Wednesday, July 7, 2010

New York Part Deux

The ferry ride to Liberty Island was getting full. There were many tourists shuffling quickly to get to the top deck to get the whole ambiance of seeing Lady Liberty with no obstruction. We were on our way there but stopped to take pictures of the harbor with that green lady in the background. As I snapped the last one off of Bruce and the boys, a lovely Australian man said "Would ya like me to put you in the picture?" Well of course, thank you. He did well and I returned the favor for he and his family. then we all went up the stairs to grab a spot.

The engines started and we could feel movement. We were only 5 minutes away from something that I had waited all my 39 years to see. I was very excited. SO were my kids. Ever since I brought a little statue of her back from Vegas, my oldest has been very interested to hear and learn about The Statue of Liberty. Plus count in the factor that his dad is from there and well he was grinning to say the least! Bruce looked back at the city, he said that he felt good, not home but good to be back. He had lived a lifetime since being there, but I am sure he was having flashbacks from his early years.

We passed by her and I could not stop taking pictures! It was wonderful to focus in and see it with my own eyes. It was just as big as I expected and fascinating to say the least. We left the ferry and went immediately to the kitchen they had because everyone was getting the mid day sugar drops. in other words some of us were cranky! While dinning with Lady in the background, an interesting fellow was walking around in 1800 clothing talking in a beautiful French accent. I knew he was there to pose as the designer of The Statue of Liberty, Augustine Bartholdi, and walk around talking to people to enlighten them about things they otherwise would miss. He was fantastic! And somehow we caught his attention so he came to sit with us. Now normally Bruce would not be too hip on the idea of him just barging in on lunch, but this guy was soooooo good at what he did, we were all hanging onto every word he had to offer. Interesting information about the concept, meaning, payment and construction of the Statue. We all learned a lot from this guy...

Did you know that The Statue of Liberty was not only a gift from France, but the French paid for it's construction through it's citizens? No money was spent by the French government to fund the project, instead almost all of the money was made by charging the people to watch it's construction. The rest was donated by wealthy individuals.

Did you know that The Statue of Liberty has 7 points on her crown not for the 7 continents that so many believe it represents, but because Bartholdi thought it aesthetically more appealing to give it 7? Just wanted to bust that myth for ya...

Did you know that the Statue of Liberty's dress was derived from Roman & Greek influence? Hence the reason she wears the loose garment, sandals and her tablet is written in Roman Numerals.

The Statue's right foot is in the walking position because Bartholdi wanted her to represent moving forward, a nation of the world moving forward. That was my favorite new fact.

So interesting to talk to him, and the boys loved hearing his funny accent! After filling our bellies, it was off to really look at the Statue. I tried to book tickets to go up to the crown months before on the Internet, but it seems I was too late, sold out all summer long. NO worries, just walking around her was fantastic. SO many pictures were taken, but I think me and the boys were just smitten with actually seeing her up close. She was magnificent. She was proud. She was green. She was all I expected her to be. She was Lady Liberty shinning her light for all the world to see.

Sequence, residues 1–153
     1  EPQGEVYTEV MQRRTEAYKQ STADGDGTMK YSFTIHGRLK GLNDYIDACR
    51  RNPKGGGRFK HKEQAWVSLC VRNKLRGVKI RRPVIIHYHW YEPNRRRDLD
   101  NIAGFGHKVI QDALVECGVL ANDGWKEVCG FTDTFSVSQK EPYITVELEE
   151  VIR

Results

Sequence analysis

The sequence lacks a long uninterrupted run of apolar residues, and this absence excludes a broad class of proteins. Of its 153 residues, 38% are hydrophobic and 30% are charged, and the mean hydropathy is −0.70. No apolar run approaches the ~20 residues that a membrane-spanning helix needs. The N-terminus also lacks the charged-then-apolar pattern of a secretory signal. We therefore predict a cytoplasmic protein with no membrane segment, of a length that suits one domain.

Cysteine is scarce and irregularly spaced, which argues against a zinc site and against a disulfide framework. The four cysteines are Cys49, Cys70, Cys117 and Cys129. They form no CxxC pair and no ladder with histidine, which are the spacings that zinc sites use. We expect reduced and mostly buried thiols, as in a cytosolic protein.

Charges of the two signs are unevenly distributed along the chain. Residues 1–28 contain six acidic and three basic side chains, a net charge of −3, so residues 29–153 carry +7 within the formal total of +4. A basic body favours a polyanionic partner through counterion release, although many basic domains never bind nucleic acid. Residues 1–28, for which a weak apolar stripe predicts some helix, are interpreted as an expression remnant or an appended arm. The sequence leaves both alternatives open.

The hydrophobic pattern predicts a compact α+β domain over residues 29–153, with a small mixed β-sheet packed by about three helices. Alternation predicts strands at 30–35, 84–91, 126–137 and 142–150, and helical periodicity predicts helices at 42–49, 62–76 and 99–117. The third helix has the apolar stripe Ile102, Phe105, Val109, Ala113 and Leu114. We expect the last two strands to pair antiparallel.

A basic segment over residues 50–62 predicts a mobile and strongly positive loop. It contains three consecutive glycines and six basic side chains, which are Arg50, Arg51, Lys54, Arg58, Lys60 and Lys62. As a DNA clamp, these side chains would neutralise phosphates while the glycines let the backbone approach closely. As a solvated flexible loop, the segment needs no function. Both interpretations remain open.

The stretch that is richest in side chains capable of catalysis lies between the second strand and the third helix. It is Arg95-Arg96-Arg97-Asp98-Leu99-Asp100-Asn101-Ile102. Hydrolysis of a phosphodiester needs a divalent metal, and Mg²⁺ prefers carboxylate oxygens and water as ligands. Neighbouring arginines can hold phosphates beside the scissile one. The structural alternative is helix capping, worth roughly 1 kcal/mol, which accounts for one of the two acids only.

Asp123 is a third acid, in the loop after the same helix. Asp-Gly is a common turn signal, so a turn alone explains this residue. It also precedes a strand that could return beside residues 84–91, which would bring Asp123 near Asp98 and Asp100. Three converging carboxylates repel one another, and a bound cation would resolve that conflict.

Onto Ellis Island. I admit, it was not as thrilling for me as what we just left. Or so I thought. We walked into the building and I could just feel the heritage in that hall. I know about Ellis Island because I studied it in Social Studies in 7th Grade. (Just for the record, I remember learning A LOT about Social Studies in Junior High so thank you Mrs. Fletcher!) There were millions of immigrants that flocked to that island to become American citizens. They brought what they could and not much else. It was a beautiful hall with grand ceilings. The architecture of the windows was what really caught my eye. I walked closer to inspect the woodworking when I noticed the Statue of Liberty in the background. I immediately brought my camera to my eye to capture it, and after I did I thought to myself...I wonder how many people stood right here looking at her like I am now with such gratitude in their hearts and dreams filling there heads. I lingered there for a while, just looking out the window.

We went up the stairs and explored the rooms that were overflowing with artifacts from those that passed through. Steam trunks, clothes, wheelchairs from the infirmary, desks where names were recorded...but the coolest thing was the money! So many beautiful little works of art to mention. It was incredible, the coins were the best....some had holes in them, or squares cut out of the middle, some were triangular shaped and dated back to who knows when! The dormitories were creepy, but the building itself was stunning! Wonderful brick work. This place was much more interesting to me than I thought and I even found my family name on the books. That was pretty cool to see! time I will tell you about the pizza...and Times Square...and the UN....and the sad story about the camera.....